# Does having one fewer child reduce my carbon footprint as much as 71+ people going vegan?

In July 2017, ScienceMag reported on a study:

Eating no meat cuts an individual’s carbon footprint by 820 kilograms of carbon dioxide (CO2) each year [...] by choosing to have one fewer child in their family, a person would trim their carbon footprint by a whopping 58.6 metric tons

1/4 tonne CO2 equivalent per hour flying.

Are these figures accurate?

• There seems to be two different claims challenged in the question, one about children and one about flying. You should rather pick one of them and propose the other one in another question. Jul 8, 2019 at 12:36
• Aren't you comparing oranges to apples? If you assume your life expectancy is X years and sum not eating meat for the rest of your life, the two figures aren't that different if you're in your early 20s. Jul 10, 2019 at 13:47
• Philippe van Basshuysen and Eric Brandstedt published on 26 March 2018 iopscience.iop.org/article/10.1088/1748-9326/aab213 "we have argued that the attribution of responsibility Wynes and Nicholas invoke involves a kind of multiple counting which runs counter to the objectives of the study." Oct 21, 2021 at 20:53

To come up with the emission per child, the original source Reproduction and the carbon legacies of individuals Global Environmental Change Volume 19, Issue 1, February 2009, pages 14-20, is considering an infinite series.

In other words, having one child results in all the lifetime emission of said child, plus all that child's descendants' emissions. Since each child usually has two biological parents, 4 grandparents, etc., to avoid double counting, the reference weights descendants' emissions by 0.5^n, where "n" is the number of generations into the future. For example n=1 for children, n=2 for grandchildren, etc.

This infinite series is potentially divergent, if fertility rates are above 2. So the reference assumes that the fertility rate will drop to 1.85 everywhere in the world by 2050, permitting the series to be convergent.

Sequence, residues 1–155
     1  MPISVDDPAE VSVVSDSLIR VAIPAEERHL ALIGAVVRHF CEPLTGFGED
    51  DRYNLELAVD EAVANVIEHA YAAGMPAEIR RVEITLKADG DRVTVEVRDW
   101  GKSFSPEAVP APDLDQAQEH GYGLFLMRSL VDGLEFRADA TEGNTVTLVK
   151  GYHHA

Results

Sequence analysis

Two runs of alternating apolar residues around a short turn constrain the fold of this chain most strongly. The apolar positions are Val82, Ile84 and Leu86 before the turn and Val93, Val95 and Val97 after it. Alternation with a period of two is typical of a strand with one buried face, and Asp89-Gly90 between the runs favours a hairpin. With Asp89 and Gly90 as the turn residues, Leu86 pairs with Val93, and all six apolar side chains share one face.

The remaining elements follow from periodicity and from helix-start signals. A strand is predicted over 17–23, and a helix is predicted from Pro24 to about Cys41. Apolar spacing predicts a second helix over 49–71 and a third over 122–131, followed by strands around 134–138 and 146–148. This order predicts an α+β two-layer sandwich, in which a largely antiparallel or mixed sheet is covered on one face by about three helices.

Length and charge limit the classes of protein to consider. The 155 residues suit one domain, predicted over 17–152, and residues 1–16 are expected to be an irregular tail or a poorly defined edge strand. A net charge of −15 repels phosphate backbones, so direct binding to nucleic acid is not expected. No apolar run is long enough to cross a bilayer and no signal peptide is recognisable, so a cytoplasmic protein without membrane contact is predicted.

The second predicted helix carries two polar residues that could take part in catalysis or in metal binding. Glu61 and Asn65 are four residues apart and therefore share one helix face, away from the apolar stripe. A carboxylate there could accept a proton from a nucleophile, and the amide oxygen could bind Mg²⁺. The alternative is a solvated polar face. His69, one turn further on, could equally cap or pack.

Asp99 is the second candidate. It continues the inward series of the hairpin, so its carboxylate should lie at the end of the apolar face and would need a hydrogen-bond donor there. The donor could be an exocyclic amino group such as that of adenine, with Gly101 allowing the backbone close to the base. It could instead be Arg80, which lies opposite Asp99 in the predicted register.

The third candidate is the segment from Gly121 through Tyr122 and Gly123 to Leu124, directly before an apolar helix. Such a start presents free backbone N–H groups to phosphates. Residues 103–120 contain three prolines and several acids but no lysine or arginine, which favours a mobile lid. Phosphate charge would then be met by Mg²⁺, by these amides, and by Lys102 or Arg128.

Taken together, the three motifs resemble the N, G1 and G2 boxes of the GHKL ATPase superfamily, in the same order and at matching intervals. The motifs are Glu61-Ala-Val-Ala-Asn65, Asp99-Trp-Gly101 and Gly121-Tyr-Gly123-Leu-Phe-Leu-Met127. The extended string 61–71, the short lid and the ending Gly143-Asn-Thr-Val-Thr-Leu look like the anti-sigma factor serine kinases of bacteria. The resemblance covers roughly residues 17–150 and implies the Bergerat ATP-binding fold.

• Thanks, @DavePhD. Is that per parent? E.g. if my partner and I both have a child, would both of us incur the 58.6 tonnes? Jun 13, 2019 at 11:42
• @Gnubie Yes, 58.6 tons per year for the mother and another 58.6 tons per year for the father according to the journal article associated with the original question iopscience.iop.org/article/10.1088/1748-9326/aa7541/…, which cites to the source in this answer. Jun 13, 2019 at 15:46
• @Evargalo the sum is much more than 58.6 tons. "Under current conditions in the United States, for example, each child adds about 9441 metric tons of carbon dioxide to the carbon legacy of an average female". So by dividing by the initial person's lifetime, it is annualized. (plus there are two parents each half-responsible and each country is different) Jul 8, 2019 at 14:03
• What do you mean "usually has two biological parents". Isn't that a hard requirement? Even with artificial insemination, there is still a donor that existed. We don't yet have artificial sperm or a uterus, and I don't believe there are cases of hermaphrodites self-impregnating. Jul 8, 2019 at 16:20
• @BrianR nature.com/news/… Jul 8, 2019 at 16:56

The answer is yes, using world average variables and a mandatory time frame of 71 years, one's average lifetime, fertility 2.4, carbon footprint 4, 1st birth at 26):

104 people need to go vegetarian to lesser carbon emissions by 837 which is the additional emission of 1 child, including her child, all non vegetarian, over 71 years. Average values used, calculations have been done but deleted by the moderator(Sklivvz).

The above assumes that child and all ancestors up to 71 years forward will not be vegetarians. If all are, footprint drops to 558 and 69 people need to go vegetarian, which is as close to 71 as statistical mistake.